Children of Rwandan genocide suspect Kabuga fear for father's life
PARIS (Reuters) - The children of detained Rwandan genocide suspect Felicien Kabuga accused French authorities of violating his 'fundamental human rights' on Friday, saying he has severe senile dementia among other ailments and that imprisonment could kill him. The 87-year-old Kabuga has been indicted by U.N. prosecutors for genocide and incitement to commit genocide
PARIS (Reuters) - The children of detained Rwandan genocide suspect Felicien Kabuga accused French authorities of violating his "fundamental human rights" on Friday, saying he has severe senile dementia among other ailments and that imprisonment could kill him.
The 87-year-old Kabuga has been indicted by U.N. prosecutors for genocide and incitement to commit genocide. He is accused of bankrolling and arming ethnic Hutu militias that killed 800,000 Tutsis and moderate Hutus over around 100 days in 1994. He denied the charges this week.
He has been in a Parisian prison since May 16 when police swooped on his hideout in the capital's suburbs, ending a 26-year manhunt. A French court will decide whether to transfer him to a United Nations tribunal on June 3.
"In recent years he has accumulated many pathologies: diabetes, hypertension and severe senile dementia," a statement from his 11 children said.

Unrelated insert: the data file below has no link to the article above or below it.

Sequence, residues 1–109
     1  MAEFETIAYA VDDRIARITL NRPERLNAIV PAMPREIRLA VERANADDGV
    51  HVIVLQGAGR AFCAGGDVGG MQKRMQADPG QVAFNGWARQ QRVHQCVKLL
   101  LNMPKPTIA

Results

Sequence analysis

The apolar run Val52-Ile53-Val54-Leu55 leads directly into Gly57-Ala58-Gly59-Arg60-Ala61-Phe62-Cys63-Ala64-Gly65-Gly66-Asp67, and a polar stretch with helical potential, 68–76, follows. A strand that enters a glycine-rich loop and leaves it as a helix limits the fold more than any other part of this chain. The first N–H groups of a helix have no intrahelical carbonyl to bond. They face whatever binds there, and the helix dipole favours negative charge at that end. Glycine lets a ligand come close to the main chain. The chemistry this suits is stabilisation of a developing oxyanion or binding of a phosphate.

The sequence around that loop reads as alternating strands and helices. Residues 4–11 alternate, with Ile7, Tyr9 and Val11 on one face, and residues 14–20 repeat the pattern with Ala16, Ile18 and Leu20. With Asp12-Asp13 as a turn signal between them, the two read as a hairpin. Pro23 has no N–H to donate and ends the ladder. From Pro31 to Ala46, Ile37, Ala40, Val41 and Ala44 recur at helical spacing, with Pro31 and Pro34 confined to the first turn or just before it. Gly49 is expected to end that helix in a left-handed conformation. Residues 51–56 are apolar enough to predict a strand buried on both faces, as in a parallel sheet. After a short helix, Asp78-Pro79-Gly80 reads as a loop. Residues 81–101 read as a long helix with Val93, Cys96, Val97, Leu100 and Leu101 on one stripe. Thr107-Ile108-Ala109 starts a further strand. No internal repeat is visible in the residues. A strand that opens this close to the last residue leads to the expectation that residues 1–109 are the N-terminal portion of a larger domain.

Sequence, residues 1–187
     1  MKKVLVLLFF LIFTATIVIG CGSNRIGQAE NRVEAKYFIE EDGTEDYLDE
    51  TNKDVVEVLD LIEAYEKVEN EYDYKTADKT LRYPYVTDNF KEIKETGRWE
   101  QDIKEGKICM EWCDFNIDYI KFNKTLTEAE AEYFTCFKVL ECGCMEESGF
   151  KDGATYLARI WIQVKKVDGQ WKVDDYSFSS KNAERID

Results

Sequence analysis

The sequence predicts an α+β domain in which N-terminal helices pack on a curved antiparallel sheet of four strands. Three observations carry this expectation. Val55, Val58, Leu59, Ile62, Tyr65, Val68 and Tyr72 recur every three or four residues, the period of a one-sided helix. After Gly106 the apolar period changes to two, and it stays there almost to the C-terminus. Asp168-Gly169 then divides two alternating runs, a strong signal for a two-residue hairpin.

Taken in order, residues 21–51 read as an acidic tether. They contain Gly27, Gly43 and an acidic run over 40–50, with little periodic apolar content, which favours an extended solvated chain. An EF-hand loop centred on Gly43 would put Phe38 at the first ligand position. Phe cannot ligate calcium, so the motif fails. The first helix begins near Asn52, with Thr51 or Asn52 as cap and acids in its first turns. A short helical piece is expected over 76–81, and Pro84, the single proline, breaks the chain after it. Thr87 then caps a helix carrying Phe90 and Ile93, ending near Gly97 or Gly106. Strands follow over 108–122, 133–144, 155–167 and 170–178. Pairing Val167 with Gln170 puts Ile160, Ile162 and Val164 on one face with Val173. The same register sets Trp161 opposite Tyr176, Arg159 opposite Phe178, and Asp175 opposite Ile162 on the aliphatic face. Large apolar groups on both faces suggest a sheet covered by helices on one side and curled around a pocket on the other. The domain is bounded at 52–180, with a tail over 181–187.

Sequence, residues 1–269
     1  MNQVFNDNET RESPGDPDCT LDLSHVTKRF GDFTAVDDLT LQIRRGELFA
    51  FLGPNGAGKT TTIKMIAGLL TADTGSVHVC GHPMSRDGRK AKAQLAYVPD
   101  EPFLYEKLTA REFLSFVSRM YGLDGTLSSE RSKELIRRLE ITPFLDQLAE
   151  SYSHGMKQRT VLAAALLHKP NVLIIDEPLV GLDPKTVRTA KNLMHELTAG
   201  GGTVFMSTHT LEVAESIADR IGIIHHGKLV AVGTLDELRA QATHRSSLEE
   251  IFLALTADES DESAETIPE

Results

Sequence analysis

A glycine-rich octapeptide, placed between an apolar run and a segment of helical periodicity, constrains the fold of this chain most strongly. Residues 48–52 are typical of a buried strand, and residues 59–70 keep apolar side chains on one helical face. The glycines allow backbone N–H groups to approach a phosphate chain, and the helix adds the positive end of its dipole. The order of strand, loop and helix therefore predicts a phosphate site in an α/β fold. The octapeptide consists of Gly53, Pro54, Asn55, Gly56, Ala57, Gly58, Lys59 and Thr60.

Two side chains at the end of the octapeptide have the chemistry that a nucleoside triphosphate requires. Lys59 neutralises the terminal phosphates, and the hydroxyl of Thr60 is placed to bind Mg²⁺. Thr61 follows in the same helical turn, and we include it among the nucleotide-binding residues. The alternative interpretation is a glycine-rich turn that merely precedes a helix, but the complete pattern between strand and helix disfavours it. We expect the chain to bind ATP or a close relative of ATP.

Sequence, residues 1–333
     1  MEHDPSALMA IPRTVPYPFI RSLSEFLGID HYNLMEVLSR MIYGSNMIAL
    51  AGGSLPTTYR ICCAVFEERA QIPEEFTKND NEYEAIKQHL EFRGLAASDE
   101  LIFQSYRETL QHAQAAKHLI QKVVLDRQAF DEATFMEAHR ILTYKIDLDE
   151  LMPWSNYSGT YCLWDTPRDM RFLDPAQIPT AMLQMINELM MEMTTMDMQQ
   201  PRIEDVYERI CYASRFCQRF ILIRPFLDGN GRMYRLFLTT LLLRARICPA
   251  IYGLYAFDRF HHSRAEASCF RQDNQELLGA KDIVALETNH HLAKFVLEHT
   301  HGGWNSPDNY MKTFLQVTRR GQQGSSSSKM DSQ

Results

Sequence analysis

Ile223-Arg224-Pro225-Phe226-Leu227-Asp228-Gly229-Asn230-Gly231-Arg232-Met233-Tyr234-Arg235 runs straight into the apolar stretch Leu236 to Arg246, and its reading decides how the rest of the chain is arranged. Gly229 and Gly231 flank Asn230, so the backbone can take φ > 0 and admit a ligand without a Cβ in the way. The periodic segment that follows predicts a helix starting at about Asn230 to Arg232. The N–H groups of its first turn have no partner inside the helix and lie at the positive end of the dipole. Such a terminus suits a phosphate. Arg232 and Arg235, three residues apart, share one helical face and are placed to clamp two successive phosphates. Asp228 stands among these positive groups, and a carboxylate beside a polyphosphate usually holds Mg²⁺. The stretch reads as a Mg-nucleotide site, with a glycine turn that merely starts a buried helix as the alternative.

"He also had a colectomy last year. His state of health requires support and constant surveillance, like any weak and dependent elderly person," the statement said, adding that he had lost weight and become more incoherent since his detention.
A Paris court on May 27 denied a request by his lawyers for his release saying it could stir unrest in the Rwandan community and that there was no guarantee he would not flee, given the aid provided by his family to avoid capture in recent years.
Kabuga was Rwanda's most-wanted fugitive with a $5 million U.S. bounty on his head, until French, British and Belgian intelligence agents tracked him down to his son's apartment in a northwestern Paris suburb.
"Leaving our father in prison, in his state, amounts to denying his fundamental human rights. It is a cry for help that we are making today to challenge his imprisonment which could be fatal to our father," the children said.
(Reporting by John Irish; Editing by Tom Brown)
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